Maga reviews some book from the mid-1960s entitled A Sexual Defense of American Women. It's great reading if (like me) you're a sucker for historical relationship advice. The library of my literary fraternity in undergrad contained the enormously entertaining How To Get a Teenage Boy and What to Do with Him When You Get Him, and online there's the Social Guidance section of the Prelinger Archives.
There's really not too much to add, but this bit stuck out:
The point of this book, clearly, is male aspirational envy; it's ostensibly directed towards women, but I can't help feeling that this is at least partially misdirection. The book's main energies are spent on playing up the hotness of the hot chicks into whose heads and pants Rankin has got, and on pouring scorn on Inadequate Men, so I'm guessing that teenage boys and young men are at least partially the target. The publishers don't seem to be quite sure about this - the advertisements on the final pages include both male-targeted sex pulp and female-targeted romance pulp.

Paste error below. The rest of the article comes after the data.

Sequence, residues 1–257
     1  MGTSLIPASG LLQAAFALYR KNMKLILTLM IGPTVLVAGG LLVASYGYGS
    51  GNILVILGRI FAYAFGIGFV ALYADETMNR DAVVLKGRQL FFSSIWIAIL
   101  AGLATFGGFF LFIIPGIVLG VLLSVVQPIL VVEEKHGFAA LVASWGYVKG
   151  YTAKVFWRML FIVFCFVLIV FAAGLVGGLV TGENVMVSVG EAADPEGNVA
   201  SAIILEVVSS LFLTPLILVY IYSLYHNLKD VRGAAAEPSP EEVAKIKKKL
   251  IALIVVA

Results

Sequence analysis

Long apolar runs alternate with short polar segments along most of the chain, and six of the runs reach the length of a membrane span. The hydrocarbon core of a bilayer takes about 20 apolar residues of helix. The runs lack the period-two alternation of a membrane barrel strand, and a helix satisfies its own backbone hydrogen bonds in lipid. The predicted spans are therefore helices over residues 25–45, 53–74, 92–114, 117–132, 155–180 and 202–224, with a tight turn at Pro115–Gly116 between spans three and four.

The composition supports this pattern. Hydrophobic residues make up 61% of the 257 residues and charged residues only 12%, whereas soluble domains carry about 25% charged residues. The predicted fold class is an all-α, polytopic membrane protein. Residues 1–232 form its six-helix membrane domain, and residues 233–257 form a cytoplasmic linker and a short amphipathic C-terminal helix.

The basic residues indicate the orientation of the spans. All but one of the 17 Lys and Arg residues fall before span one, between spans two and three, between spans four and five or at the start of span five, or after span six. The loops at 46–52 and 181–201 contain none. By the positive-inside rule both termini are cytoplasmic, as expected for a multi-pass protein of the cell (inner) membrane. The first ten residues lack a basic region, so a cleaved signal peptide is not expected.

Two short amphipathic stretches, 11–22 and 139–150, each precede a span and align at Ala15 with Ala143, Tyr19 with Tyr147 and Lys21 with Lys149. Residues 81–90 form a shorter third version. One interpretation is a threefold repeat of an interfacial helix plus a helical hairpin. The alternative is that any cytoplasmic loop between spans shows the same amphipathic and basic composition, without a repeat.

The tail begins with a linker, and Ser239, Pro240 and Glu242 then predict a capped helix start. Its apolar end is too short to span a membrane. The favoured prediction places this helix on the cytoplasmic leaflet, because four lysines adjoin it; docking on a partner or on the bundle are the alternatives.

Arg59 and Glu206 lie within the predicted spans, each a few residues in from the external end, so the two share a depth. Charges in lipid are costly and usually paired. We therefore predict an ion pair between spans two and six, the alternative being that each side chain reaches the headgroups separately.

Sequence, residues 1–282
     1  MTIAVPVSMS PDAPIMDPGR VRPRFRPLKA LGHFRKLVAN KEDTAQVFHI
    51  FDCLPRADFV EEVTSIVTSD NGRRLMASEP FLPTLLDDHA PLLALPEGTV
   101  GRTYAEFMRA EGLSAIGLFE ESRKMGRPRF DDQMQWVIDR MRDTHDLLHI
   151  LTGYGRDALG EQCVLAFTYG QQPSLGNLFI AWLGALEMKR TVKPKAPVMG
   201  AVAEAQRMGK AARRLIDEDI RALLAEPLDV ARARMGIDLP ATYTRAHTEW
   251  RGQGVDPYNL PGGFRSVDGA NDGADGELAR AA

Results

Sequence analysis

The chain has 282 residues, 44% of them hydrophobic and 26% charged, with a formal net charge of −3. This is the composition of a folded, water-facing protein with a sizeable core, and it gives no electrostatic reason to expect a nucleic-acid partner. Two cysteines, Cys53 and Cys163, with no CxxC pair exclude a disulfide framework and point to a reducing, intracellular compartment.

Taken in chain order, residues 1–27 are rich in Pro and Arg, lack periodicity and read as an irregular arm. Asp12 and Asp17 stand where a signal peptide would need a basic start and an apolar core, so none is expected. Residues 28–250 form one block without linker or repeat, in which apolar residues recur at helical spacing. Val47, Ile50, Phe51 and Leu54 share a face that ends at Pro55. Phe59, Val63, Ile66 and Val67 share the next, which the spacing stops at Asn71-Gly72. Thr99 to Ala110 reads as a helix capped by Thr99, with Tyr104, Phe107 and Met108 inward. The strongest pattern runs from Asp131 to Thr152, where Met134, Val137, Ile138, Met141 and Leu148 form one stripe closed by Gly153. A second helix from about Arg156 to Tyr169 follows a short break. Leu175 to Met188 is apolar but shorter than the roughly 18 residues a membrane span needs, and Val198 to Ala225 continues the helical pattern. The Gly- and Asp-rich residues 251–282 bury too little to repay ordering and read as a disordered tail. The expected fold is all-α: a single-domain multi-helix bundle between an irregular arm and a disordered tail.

These sorts of books are absolutely targeted to men; selling masculinity back to men is their raison d'etre. (Sure, some of them do it because they want to reshape what masculinity means, but I suspect the vast majority just play up the stereotypes because that's where the money is.)
One thing I do wonder is how these sorts of guides read prior to WWII, second-wave feminism, and the contemporary form of anxious masculinity. There's a pretty big gap in my knowledge between Capellanus and 50s social advice.
1 year ago